When I was fifteen, I sent a handful of demos with three of my songs to a company that forwarded material to record labels and publishers. The rejection letter I received three weeks later was devastating. In retrospect, it was also warranted. The material was horrible. The delivery and production were sophomoric. The vocals were laughable. But I didn’t know any of that, and the words on the page crushed me.

A pattern formed over the ensuing years:

I poured my heart into a project until I was sure it was world class. I ignored the feedback of my friends and relatives telling me it was “good” but “not that good.” I sent it out to anybody who would receive it… annnnnd…. I got a ruthless rejection letter to bring me back down to earth.

After five years and about as many trips down rejection lane, I simply quit. I stopped sending things out. It got to the point where I wouldn’t try out for free contests because I just figured I didn’t have a chance. Why face the pain of another “authority” informing me of my inadequacy?

I recently read an absurdly thorough biography of the early career of The Beatles. It turns out that their famous Decca rejection was not a solitary incident, but one of many. They were rejected a lot. And many of the doors they managed to force open, slammed shut before anything happened. They had started filling rooms with rabid fans in Liverpool and Hamburg, and they would go south toward London and play for a dozen people who didn’t care. Brian Epstein was working around the clock to get something to happen. All four Beatles were on the verge of giving up before anything actually did. The chain of events that led to their eventual rise to international fame is extraordinary… and fraught with rejection and failure.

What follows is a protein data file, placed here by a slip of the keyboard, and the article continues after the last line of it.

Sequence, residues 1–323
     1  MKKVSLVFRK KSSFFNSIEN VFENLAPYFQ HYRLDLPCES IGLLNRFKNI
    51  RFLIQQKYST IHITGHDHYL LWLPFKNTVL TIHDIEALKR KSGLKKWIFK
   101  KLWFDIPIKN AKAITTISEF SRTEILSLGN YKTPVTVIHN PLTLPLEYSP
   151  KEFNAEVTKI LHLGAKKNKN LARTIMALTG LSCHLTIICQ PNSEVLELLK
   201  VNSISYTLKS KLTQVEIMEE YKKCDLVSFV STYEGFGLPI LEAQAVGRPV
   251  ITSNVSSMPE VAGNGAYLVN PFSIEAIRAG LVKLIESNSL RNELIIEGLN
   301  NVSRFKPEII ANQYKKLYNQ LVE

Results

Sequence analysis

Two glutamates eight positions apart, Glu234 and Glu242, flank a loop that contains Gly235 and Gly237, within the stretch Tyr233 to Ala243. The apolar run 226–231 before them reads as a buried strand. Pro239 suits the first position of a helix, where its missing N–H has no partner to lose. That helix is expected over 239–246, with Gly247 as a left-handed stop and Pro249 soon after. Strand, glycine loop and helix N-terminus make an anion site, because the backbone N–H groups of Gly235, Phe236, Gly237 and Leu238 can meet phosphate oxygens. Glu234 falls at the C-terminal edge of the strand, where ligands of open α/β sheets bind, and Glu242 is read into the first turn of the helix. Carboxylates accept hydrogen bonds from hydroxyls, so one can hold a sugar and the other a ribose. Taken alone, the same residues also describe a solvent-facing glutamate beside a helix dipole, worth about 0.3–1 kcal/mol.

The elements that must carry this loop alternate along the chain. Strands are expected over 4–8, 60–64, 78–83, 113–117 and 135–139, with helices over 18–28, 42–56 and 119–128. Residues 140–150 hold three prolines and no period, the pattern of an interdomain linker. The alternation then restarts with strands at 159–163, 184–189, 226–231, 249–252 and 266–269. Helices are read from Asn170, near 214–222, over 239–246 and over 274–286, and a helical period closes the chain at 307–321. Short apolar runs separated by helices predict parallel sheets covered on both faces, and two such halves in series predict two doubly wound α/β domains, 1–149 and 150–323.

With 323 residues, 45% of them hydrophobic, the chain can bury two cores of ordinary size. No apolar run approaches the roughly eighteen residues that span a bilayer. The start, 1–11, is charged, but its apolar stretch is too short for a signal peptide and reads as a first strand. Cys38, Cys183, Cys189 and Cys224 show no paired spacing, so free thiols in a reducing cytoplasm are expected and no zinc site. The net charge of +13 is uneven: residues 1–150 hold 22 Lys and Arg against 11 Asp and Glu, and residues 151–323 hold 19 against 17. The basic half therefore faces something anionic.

Steven King collected hundreds of rejection letters. Usually they were form letters, but occasionally one would contain a handwritten note with constructive criticism of his actual piece. He pinned those to his wall. He was proud to receive anything that merely acknowledged his submission as something unique from the others. When he had begun a draft of Carrie, he threw it in the trash because he couldn’t see a way to make it work as a short story, and – in part – because he was so sick of rejection. His wife pulled it out, read it, and begged him to finish it. A year later, he sold the paperback rights to New American Library for $400,000.00.rejected red square stamp

There are enough stories of that kind to fill a hundred pages. And the point that is often made about those stories is something that belongs on a motivational poster on Pinterest.

Something along the lines of: “‘They’ are wrong about you. Ignore the naysayers and you will succeed.”

But I think that’s only a tangential part of the story. The more interesting thing to me, is the volume of rejections that those men and women were willing to endure. They were willing to send everything they made to someone who had the power to say no. They were willing to write another piece, start another business, compose another symphony, and then ship it. They were willing to indiscriminately put their darlings on the chopping block, and move on to the next one before they got a reaction.